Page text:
Fortescue Metals Group, the world's fourth-largest iron-ore exporter, has announced a 23% decline in annual profit for the year ending in June. The company attributed the decrease to a write-down against its Iron Bridge project in remote northwest Australia, as well as higher costs and weaker iron-ore prices. Despite achieving record shipments of the steel ingredient, these factors resulted in a net profit of US$4.80 billion, down from US$6.20 billion the previous year. Fortescue's underlying earnings before interest, taxes, depreciation, and amortization (EBITDA) also fell by 11% to US$5.52 billion.

Impact of the Iron Bridge Project

The Iron Bridge project, which is jointly owned by Fortescue and Formosa Plastics, incurred a non-cash impairment of US$726 million. The company identified inflationary pressures on construction and supply chain delays as key factors contributing to the project's higher costs.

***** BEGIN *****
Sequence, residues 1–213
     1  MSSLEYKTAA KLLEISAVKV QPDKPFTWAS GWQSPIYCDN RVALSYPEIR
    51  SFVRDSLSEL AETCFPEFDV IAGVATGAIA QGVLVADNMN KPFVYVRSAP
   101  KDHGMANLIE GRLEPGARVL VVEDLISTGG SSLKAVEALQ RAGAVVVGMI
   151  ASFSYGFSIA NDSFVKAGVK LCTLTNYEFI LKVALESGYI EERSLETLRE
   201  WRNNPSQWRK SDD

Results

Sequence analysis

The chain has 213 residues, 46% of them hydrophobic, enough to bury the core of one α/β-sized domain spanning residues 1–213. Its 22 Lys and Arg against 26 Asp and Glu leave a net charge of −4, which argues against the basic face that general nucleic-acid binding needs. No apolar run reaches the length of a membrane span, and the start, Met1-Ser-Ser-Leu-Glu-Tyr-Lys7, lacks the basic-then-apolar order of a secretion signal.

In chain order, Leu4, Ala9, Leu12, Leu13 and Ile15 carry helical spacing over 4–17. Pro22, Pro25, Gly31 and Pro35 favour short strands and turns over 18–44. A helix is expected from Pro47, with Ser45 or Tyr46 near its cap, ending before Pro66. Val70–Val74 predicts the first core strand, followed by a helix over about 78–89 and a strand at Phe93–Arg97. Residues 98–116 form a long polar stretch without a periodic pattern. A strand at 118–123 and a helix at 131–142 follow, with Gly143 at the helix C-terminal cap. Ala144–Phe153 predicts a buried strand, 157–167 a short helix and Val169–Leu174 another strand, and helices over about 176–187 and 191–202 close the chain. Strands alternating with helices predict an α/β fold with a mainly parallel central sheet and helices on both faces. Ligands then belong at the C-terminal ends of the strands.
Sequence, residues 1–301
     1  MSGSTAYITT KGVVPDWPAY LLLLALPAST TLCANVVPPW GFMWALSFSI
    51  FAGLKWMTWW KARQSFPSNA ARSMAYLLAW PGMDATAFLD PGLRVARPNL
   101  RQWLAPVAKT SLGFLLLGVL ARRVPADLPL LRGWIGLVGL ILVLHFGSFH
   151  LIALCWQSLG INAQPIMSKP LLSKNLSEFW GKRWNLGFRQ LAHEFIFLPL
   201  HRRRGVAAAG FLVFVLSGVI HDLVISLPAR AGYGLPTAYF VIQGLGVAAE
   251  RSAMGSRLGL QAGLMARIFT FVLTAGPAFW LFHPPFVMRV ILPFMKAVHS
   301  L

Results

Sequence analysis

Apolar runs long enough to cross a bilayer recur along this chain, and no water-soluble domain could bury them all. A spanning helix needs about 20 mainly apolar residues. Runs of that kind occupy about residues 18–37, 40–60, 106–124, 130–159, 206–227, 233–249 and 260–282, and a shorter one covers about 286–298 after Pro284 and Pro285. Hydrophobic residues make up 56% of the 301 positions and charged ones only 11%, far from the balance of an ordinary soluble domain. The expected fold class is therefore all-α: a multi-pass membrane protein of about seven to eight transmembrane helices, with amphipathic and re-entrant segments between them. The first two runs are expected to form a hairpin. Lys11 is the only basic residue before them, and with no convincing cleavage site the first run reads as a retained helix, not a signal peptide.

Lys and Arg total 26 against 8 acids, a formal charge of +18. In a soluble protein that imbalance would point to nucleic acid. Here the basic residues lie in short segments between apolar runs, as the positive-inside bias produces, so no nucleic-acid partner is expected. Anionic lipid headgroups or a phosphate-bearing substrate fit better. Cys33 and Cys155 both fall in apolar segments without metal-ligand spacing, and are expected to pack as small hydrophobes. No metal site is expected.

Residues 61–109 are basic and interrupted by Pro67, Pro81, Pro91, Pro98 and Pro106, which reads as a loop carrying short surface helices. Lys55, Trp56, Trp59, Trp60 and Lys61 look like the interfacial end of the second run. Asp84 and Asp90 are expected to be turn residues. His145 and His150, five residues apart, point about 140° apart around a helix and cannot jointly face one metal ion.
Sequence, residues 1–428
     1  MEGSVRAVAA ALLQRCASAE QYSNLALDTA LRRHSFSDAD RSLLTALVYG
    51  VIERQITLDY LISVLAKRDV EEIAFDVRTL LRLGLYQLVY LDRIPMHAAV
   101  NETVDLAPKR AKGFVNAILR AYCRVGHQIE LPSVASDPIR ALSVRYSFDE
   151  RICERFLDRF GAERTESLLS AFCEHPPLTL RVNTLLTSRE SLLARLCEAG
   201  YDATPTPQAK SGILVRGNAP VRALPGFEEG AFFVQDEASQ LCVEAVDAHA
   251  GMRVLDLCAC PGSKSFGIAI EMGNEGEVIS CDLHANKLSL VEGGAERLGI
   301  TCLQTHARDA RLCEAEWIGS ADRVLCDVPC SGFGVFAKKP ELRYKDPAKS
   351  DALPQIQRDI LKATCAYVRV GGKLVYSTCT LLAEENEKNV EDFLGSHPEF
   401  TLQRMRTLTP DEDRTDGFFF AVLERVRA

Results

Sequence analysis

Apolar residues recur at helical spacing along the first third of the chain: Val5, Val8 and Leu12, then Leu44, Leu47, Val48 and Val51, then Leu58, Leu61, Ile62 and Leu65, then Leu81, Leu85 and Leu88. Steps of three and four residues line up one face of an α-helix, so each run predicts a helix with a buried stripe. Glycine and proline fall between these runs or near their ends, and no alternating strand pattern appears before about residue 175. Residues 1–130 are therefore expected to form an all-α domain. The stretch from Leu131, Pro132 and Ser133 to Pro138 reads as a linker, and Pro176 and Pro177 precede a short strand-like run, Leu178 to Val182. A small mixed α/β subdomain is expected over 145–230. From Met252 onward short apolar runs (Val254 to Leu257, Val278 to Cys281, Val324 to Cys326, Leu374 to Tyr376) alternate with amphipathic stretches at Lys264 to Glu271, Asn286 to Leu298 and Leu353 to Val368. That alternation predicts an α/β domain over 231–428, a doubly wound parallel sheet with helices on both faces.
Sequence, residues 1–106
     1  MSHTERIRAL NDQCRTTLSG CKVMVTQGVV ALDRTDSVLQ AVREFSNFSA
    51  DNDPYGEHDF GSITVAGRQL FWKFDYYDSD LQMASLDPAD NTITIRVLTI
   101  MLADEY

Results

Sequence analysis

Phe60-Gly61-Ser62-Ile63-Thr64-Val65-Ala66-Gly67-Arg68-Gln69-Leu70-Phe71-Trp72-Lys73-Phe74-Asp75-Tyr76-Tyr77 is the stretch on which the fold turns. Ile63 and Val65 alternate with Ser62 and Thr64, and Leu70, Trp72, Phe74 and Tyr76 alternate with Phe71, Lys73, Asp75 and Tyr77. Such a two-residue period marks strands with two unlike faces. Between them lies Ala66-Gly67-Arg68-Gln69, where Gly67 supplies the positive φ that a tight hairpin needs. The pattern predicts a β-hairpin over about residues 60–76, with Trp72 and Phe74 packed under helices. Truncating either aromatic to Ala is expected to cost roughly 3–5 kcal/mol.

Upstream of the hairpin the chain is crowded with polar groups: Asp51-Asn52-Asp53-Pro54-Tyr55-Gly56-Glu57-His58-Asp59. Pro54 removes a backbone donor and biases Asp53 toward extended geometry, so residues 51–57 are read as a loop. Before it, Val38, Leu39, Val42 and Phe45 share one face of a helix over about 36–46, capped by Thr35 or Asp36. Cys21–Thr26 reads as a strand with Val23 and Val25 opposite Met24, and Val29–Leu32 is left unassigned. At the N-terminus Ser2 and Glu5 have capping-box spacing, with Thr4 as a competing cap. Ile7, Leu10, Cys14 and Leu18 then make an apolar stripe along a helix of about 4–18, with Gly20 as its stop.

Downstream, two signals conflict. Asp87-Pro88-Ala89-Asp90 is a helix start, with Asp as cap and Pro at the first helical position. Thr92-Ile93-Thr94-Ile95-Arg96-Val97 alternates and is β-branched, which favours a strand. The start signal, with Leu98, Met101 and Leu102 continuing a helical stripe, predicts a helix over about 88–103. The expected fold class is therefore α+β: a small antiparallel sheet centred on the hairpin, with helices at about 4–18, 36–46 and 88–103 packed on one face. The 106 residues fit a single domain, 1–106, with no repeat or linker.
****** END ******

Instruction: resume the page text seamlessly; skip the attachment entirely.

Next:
Declining Iron-Ore Prices and Rising Costs

Fortescue's profits were further affected by the decrease in the price of iron-ore, which is primarily sold to steel mills in China and other parts of Asia. The company reported an average revenue of US$94.74 per metric ton for the full year, compared to US$99.80 per ton in the previous year. In addition, Fortescue experienced a 10% increase in its C1 costs, indicating higher direct operational expenses.

Record Shipments and Dividend Announcement

Despite the challenges it faced, Fortescue achieved record shipments of 192.0 million tons during the reporting period, surpassing the 189.0 million tons shipped the previous year. To reward its shareholders, the company declared a final dividend of 1 Australian dollar (US$0.64) per share, a decrease from A$1.21 in the prior year. Fortescue's total dividends for fiscal 2023 amount to A$1.75 per share, representing 65% of the underlying profit for the year. This falls within the company's policy to distribute 50%-80% of profits to shareholders.

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